Opinion: Assessing value of AI wisdom


Most of us find our inboxes filled every day with offers, newsletters, promises and threats, nearly always unsolicited, from folks we’ve not heard of and don’t know. “The nation’s leading dietician recommends this tree bark to melt fat,” shouts the headline. Maybe, but probably not. Regardless, we find ourselves confronted with claims to be sorted. This week, a dear friend, unknown until now, named Hadley, urged reading of her recent study that discovered that 1 in 3 good Hoosier workers fear that artificial intelligence, or AI, will take their jobs. While Hadley insinuates that the closeness of our imagined friendship is all that is required to establish her expertise, a reasonable person might question the veracity of her findings.

Still, AI is worthy of further consideration. While it is likely premature to prepare “Terminator” movie-style for the coming hordes of occupying machines, we can see clearly that many of the mundane humans tasks of a generation ago have already been supplanted by “smart” devices. Automobiles do not require tuning, and long-distance telephone calls occur without the intervention of an operator. Good. Rather than lament the emerging technology as cataclysmic, is there a path to its use that benefits those of us that might be replaced? Could this column have been written by a smart bot? Probably, and some will assert that it would be better. Would it follow then that some AI “writer” might garner a following and celebrity? Would we send letters of praise and criticism? Or would we recognize that arguing with an algorithm is unlikely to advance humankind?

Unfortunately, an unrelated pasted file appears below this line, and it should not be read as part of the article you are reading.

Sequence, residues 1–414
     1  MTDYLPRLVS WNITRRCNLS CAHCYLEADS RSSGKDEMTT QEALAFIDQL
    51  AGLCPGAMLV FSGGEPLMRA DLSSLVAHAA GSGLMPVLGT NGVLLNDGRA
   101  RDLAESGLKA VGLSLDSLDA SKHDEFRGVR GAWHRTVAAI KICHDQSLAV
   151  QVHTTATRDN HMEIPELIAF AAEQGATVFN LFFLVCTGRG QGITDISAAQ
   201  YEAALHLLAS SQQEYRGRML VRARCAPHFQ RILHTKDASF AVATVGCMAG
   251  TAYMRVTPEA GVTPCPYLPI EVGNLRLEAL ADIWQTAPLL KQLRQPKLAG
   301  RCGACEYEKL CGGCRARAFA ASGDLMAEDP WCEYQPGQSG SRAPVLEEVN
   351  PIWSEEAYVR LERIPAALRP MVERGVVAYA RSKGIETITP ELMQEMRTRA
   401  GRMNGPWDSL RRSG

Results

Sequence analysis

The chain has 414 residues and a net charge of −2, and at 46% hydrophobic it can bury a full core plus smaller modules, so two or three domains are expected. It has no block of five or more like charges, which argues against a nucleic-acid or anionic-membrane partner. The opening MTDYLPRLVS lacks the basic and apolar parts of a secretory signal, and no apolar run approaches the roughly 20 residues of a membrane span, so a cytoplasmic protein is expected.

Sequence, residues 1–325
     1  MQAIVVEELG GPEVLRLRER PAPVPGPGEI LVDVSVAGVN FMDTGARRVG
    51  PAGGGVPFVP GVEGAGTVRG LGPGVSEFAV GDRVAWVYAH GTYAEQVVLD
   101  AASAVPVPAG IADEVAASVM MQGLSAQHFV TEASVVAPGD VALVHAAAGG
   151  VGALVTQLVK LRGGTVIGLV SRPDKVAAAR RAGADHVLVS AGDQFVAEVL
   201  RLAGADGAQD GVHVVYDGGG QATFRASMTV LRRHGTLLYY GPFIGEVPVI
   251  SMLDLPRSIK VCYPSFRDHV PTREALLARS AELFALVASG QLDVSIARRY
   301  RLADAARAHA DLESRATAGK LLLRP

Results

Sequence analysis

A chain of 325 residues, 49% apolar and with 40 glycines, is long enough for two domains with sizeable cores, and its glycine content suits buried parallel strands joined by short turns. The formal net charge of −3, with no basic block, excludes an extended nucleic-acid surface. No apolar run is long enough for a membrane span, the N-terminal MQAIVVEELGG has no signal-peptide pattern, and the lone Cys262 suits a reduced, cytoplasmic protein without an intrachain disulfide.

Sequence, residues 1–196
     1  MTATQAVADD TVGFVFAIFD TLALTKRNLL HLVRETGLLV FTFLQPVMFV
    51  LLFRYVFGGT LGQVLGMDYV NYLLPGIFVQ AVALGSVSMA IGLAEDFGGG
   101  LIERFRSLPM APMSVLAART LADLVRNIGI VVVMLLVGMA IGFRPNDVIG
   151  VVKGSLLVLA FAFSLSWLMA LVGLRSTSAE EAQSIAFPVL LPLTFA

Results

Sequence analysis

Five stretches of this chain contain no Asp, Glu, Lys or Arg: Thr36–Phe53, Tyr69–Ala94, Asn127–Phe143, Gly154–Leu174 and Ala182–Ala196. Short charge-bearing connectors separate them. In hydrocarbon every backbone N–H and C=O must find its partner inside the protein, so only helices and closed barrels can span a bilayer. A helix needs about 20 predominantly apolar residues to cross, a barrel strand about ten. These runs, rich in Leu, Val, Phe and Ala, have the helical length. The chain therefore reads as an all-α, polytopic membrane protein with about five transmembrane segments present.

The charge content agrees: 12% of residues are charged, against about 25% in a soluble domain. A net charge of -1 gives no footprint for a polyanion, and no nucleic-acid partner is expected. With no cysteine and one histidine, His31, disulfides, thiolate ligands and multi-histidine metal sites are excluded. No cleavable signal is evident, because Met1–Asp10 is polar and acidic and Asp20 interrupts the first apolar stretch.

If so, does the human element remain essential? Can AI, with all the data in the known universe, come to “feel”?  Will it know fear, hope, longing, pride or envy? Will it teach us how to swim yet never touch the water?